It was Olsson’s first proper job, working at Gap’s global headquarters in San Francisco, where he started in Merchandising, where Mickey was then CEO. “We all say in the business that if you worked for Mickey then you went to the Harvard School of Merchandising,” Snyder says, with a smile. “There are very few people like him. Mickey was a great teacher, a great mentor, and he really laid the foundation of all of us and his mantra was: ‘It’s all about the product.’ He still says it. Even if you listen to any of the investor calls or interviews with him: It’s all about the product. Todd and I look at our business today from those learnings.”
It was at the Gap that Olsson’s path first crossed Snyder’s, who was a designer of men’s sportswear at the company. “Back then it was about being smart enough to be focused on your design team,” Olsson says. “And that’s why Todd and I work so well together: Todd was my designer and I was his merchant, so he would say, ‘Hey, this is what’s coming next,’ and we’d have discussions about making sure we’re protecting our existing business but also building for what was next.” After stints at Polo Ralph Lauren and J.Crew Snyder returned to the Gap as Director of Menswear in 2000, but left in 2004 to become VP of Menswear at J.Crew, launching numerous heritage brand collaborations and the successful Liquor Store concept in TriBeCa. Olsson, meanwhile, took on senior merchandising positions at Coach and Rip Curl, where he was president, CEO, and, to hear him tell it—pretty stoked. “Part of the interview was I had to surf,” says Olsson who, not coincidentally, is an avid surfer. After three years in Laguna Beach, Olsson went to Martin + Osa, a brand launched by American Eagle. After 5 years at Martin +Osa, Olsson joined the Wal-Mart NY Apparel office. “We built brands internally,” he says. “The leadership, the customer focus, they were amazing at it, and I really enjoyed the job.”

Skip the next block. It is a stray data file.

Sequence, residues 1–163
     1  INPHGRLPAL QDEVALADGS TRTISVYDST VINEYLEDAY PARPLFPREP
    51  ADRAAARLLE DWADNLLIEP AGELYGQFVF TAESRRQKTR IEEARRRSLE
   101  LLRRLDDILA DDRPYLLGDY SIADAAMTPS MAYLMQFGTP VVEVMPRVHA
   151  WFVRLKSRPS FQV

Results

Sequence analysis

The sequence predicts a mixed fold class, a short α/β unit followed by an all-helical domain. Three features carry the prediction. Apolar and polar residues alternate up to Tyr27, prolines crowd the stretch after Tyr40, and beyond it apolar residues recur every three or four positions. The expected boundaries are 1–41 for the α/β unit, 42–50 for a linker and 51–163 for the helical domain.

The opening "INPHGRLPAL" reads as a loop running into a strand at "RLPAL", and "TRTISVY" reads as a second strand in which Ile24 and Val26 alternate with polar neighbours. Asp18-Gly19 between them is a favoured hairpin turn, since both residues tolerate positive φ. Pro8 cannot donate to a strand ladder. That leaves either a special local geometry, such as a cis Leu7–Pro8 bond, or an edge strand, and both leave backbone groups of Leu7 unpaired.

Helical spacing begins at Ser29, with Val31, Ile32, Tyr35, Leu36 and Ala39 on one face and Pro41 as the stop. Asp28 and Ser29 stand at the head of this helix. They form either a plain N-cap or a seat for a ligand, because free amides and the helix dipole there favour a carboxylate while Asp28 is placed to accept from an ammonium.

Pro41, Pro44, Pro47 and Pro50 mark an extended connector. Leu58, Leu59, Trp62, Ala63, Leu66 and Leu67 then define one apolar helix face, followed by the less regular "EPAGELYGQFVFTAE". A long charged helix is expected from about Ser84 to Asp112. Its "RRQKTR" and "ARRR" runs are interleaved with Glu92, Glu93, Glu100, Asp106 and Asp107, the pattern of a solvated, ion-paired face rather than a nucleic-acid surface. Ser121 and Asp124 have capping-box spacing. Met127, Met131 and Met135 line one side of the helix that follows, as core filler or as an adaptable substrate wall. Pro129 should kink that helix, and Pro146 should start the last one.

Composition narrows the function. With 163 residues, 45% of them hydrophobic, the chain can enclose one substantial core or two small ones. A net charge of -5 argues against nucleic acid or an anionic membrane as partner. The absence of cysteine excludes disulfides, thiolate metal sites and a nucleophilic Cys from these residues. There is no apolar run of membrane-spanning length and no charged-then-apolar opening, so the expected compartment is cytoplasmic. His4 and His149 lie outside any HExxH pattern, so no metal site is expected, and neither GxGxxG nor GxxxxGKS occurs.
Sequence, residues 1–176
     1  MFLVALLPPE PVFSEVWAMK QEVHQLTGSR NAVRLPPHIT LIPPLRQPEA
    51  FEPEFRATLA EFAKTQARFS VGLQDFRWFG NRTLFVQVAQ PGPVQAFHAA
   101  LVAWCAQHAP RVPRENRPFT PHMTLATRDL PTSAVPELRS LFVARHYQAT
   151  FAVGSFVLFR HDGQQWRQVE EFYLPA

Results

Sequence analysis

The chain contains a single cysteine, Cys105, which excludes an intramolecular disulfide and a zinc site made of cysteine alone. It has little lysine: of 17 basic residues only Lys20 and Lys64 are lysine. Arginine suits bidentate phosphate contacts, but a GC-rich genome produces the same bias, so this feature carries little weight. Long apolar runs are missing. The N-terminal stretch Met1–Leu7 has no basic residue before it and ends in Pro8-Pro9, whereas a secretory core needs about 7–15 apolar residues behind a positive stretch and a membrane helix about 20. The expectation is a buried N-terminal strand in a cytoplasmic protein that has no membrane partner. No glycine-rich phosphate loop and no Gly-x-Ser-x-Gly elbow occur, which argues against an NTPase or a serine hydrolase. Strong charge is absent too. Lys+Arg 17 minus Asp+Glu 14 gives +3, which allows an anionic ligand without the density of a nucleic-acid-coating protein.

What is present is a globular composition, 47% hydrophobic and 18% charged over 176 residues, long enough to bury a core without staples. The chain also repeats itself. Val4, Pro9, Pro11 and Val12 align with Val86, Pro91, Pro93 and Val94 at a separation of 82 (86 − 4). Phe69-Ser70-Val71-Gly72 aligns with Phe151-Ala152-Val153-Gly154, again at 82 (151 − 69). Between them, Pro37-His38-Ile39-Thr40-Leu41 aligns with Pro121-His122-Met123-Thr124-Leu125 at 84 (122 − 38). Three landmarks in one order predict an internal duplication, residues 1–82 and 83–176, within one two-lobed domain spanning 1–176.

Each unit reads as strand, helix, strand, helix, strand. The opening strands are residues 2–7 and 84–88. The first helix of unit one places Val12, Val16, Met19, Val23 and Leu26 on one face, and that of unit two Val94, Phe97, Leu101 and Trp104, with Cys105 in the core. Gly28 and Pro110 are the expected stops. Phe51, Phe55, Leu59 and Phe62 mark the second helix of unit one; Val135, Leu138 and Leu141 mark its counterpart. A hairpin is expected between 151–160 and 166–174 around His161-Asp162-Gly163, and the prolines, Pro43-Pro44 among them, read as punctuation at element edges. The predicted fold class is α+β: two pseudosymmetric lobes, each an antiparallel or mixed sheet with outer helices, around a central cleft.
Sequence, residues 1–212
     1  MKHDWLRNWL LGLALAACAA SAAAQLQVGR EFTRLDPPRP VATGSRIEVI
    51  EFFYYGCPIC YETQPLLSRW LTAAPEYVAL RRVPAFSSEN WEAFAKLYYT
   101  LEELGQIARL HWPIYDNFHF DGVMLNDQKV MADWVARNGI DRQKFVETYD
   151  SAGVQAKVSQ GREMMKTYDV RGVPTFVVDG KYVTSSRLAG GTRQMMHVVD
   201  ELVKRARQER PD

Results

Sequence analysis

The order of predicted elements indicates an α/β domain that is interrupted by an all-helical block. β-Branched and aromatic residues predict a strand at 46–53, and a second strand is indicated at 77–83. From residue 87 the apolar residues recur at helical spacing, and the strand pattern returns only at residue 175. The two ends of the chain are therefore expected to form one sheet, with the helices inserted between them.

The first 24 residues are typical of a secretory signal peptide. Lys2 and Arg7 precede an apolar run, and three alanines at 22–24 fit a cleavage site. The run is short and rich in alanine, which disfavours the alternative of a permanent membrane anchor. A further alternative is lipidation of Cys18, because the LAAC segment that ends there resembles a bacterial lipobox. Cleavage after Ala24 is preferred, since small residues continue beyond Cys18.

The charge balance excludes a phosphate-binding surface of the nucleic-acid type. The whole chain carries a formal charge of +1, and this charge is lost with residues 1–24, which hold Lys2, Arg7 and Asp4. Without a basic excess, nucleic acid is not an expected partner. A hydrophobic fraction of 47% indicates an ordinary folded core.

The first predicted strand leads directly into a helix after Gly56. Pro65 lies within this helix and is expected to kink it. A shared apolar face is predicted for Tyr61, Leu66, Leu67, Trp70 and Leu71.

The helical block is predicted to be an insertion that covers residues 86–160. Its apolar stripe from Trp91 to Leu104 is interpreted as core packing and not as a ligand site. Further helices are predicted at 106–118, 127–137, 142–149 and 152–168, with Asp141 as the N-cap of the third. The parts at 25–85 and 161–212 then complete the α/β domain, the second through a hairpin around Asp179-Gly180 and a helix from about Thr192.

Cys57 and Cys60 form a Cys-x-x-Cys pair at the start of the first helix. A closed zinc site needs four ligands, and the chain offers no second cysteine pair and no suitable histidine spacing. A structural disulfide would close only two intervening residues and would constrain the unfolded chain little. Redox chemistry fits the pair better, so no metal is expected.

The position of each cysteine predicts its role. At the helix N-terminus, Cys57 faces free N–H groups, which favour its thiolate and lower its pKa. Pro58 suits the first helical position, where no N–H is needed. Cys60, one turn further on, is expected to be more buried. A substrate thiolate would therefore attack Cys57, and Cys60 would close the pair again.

Two years later, the pair crossed paths, shortly after Snyder had relaunched Tailgate, a T-shirt company that Snyder started in his father’s basement in Iowa, and his own namesake line of casual classics, born from the literal and figurative heartland of American heritage but developed, as is Snyder’s trademark, with the discerning, modern gentleman in mind. They don’t seem to have paused for breath since. “We both left our ‘real’ jobs, as I call them—our corporate jobs—to do this,” says Olsson, who despite usually staying on the sidelines and ushering Snyder onto the stage is a poised interview. “It goes back to trust, but it also goes back one another. Todd will challenge me on the business: he has a very strong right brain, but a really strong left brain as well. The other day we went back and looked at all of our fits together because I brought a lot of the stuff home and it didn’t fit me: we have an open dialogue as partners, and with our team. We have an amazing team, and there’s constant feedback.”